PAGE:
In contrast to meadows, intensively managed grass fields will have been heavily improved with high fertilizer inputs. They will have been ploughed and seeded, usually with one or two genetically improved high yielding grasses such as Perennial Rye Grass (PRG). Other management techniques include spraying to kill unwanted plants such as docks. The grass grown in this way, is a crop as much as any other. It is managed to produce the highest, best quality yields possible, to feed as many animals as possible. After a few years the crop yield may deteriorate for a number of reasons. It will then be ploughed again and resown. This kind of intensive grass production leaves less room either for diversity, or for wildlife. In contrast, meadows will be very infrequently ploughed. Some may not have been ploughed in living memory. This means that the plant and animal communities have been established over a long period of time.
  • Meadows are small fields, generally found on soils of lower fertility or where there is poor accessibility for machinery. 
  • Individual meadows tend to be a reasonably uniform habitat overall, albeit one containing an amazing diversity of plant and animal species.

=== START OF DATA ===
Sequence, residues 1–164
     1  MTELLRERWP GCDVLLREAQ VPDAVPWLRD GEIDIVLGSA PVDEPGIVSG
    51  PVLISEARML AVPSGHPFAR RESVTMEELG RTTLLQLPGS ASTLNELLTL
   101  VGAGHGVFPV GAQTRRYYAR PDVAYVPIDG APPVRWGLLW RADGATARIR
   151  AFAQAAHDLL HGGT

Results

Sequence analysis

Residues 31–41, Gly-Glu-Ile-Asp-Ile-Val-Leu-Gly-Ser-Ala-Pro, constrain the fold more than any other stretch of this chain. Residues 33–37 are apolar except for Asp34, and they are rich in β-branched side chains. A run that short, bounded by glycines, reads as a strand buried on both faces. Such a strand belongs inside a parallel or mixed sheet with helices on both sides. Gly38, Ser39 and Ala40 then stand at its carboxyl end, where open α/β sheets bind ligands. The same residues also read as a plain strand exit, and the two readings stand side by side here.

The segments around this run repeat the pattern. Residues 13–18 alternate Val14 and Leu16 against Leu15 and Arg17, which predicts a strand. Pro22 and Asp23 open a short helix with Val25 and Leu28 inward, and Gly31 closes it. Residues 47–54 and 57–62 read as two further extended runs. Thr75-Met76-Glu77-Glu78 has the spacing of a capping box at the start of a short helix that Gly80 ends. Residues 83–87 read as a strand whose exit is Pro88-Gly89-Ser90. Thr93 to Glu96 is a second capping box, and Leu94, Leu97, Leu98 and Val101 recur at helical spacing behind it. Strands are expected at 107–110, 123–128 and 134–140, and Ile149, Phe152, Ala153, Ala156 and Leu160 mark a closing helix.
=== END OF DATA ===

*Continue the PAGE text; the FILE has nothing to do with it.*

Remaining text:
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  • Meadows are usually old landscape features and as such are likely to be surrounded by similarly old boundaries such as species-rich hedges, old stone walls or woodland. These further increase the wildlife diversity of the meadows themselves, as invertebrates, birds and mammals living in these marginal habitats spill over into the meadows in search of food.
  • Hay meadows are cut late in the summer season. If meadows are cut for hay, the grass is allowed to grow tall, flower and set seed before it is actually cut. This gives animals, including ground nesting birds living in the meadow, the time to rear their young before harvesting machinery removes their cover. It also allows invertebrates such as butterflies time to complete important stages of their life cycles. The flowers and seeds from the grasses and all the other plants in the meadow also have time to grow and complete their lifecycle. This also provides food for innumerable invertebrates, birds and small mammals.


Continue to:- Types of Meadow